Indian handset makers drive increased mobile internet usage

India and China are constantly talked of as the biggest growing mobile and internet markets on the planet, for good reason. With both countries’ huge population and huge digital divides (between those that have/use technology and the internet and those that don’t) India and China’s online presences are likely to develop way beyond their current size and, together, take up a significant share of the world’s online voice.

The two countries are not alone in having the potential to grow, aside from traditional western markets like the USA, Northern Europe and parts of East Asia, technology adoption is generally low across the world.

Smartphones and mobile internet access are widely recognised as the most practical and effective way of ‘digital enfranchisement’ (giving large numbers of people access to the internet) across the world, so it was with interest that I read the (selected excerpts) below from India online

Social media is a well-known phenomenon on the web, with millions logging on to Facebook, Twitter and Orkut every day, but, it is also fast becoming a necessary feature on all mobile phones.  

Even telecom operators have plunged into the social wave. MTS, a telecom provider based in South India, has launched its own handsets, called MTS Alive. Manufactured by Chinese handset manufacturer ZTE and brought to India by MTS under its own brand, MTS Alive comes pre-installed with access to social networking websites, as well as ready-to-use Opera mini browser (for mobile web access).

Importantly, these social phones are being priced reasonably. MTS Alive is priced at Rs 6,000, while Micromax and Maxx Indian phones with social access are priced between Rs 4,000 and Rs 7,000. A handset by MVL (another Indian manufacturer) provides social networking and push mail in a handset priced at just Rs 4,000.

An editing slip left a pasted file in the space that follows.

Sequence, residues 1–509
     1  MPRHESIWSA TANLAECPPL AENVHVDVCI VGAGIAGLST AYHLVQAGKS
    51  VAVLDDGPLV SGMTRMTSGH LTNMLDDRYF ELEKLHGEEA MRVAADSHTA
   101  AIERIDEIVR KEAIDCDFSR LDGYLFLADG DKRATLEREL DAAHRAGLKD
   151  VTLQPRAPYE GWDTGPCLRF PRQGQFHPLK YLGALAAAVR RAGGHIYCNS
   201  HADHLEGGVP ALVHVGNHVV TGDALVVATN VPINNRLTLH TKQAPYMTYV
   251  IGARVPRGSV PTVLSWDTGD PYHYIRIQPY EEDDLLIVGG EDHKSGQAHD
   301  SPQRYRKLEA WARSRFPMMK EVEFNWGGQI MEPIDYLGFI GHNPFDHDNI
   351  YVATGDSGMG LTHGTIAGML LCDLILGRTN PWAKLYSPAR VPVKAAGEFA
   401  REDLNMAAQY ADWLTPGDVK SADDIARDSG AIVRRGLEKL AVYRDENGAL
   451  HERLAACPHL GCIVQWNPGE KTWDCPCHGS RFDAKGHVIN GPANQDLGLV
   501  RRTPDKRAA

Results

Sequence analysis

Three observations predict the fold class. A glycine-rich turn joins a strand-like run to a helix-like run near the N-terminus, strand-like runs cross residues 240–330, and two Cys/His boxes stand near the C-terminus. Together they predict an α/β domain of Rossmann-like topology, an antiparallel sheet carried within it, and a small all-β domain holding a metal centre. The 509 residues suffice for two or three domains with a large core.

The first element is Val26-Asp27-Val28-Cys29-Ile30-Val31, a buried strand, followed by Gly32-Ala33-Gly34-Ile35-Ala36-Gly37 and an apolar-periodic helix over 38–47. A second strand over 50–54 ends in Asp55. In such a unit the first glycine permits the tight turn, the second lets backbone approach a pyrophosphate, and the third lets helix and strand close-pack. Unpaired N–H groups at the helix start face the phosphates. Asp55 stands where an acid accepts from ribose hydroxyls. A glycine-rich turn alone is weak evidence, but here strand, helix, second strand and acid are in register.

It is the proliferation of these handsets that is driving social networking into the hands of the consumer. It comes as no surprise that Facebook is being pitted as the competitor to Google.

With access to social sites on handsets and India’s over 600 million mobile subscribers yearning to go online, it’s no wonder that social networking has begun to dominate mobile phones.

I’ve long lamented the reality of the “smartphones are taking Asia” headline which the media loves to portray because the reality is, in markets like Thailand, high-end smartphone are gaining significant adoption in urban areas like Bangkok, but in a country of 65 million that is just scratching the surface.

Recent research estimated rural mobile internet usage in India would rise 30 percent to reach close to 5.5 million by the end of this year. Though comparative the the country’s overall population this number may be low, handset deals mentioned in the article above are driving mass market mobile internet adoption rates and it seems likely this figure of rural users will only grow.

Though many will claim 5.5 million out of an estimated 570 million rural population is insignificant, recent research suggests lack of understanding, and not affordability, is the number one reason mass market mobile internet adoption hasn’t yet occurred in rural India.

Attractive handset deals and increased marketing/information may begin to change this situation.